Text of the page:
When a person is employed by a company, they are almost always entitled to some sort of compensation from the employer according to employment laws. This usually takes the form of financial compensation, unless the employee is an unpaid intern. All other employees will typically be paid an hourly wage or salary. However, in addition to these wages, there are other forms of compensation that you may be owed by your company.
Varieties of Financial Compensation
Depending on your industry and type of employment, you may deserve compensation beyond your normal salary or wages. This could include the following types of compensation:
- Overtime – When an employee works over the set number of hours required by their job, they could be entitled to overtime pay for any extra work performed. Typically this is any hours worked over 40 hours in one week for full time employees and should be paid at the rate of one and a half times the employee’s regular salary. Part time employees can also receive overtime pay if they exceed their regular number of hours. However, it is important to note that certain employees, based on their field or position, may be exempt from overtime pay.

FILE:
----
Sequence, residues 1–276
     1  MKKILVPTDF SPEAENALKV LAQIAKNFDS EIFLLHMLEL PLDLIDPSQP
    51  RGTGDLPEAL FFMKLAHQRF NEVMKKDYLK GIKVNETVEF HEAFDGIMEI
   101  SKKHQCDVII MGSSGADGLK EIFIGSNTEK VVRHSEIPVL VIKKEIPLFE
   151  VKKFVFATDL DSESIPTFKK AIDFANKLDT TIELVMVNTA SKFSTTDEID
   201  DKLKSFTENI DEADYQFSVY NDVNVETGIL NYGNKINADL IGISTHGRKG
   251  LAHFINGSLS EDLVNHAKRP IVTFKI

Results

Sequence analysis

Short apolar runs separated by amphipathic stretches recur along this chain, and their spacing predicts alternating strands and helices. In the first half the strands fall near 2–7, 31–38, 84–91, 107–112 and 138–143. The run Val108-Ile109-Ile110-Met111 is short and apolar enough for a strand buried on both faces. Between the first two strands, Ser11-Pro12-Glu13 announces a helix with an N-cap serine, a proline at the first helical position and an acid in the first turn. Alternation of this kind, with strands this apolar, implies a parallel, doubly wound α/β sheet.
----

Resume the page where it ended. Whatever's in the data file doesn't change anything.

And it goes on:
- Severance – While losing a job can be difficult in a number of ways, it is usually particularly financially burdensome for a person. However, many people who are laid off from their jobs are entitled to a severance package, in which they are given money, insurance, stock, or other benefits. These benefits can significantly help a person stay financially solvent while unemployed.
- Commission – Many sales people receive the majority of their pay based on commission, or money they earn for making a sale.
- Expenses – When an employee spends their own money on necessary work-related items or activities, these purchases are usually covered by the company as a work expense. This can include meals, flights, phones and phone plans, and transportation.
Although not every employee is entitled to each of the above types of compensation, those that are qualified should be faithfully and fairly compensated. While most employers pay their employees as they should, they are certain unscrupulous employers who fail to provide proper compensation to their employees. In such a situation, a person should not endure this treatment in silence, but rather should consider enlisting the support of a qualified employment lawyer in order to take legal action against their employer to fight for the compensation they are owed.
This is a Guest post. If you would like to submit a guest post to CareerAlley, please follow these guest post guidelines.
Good luck in your search.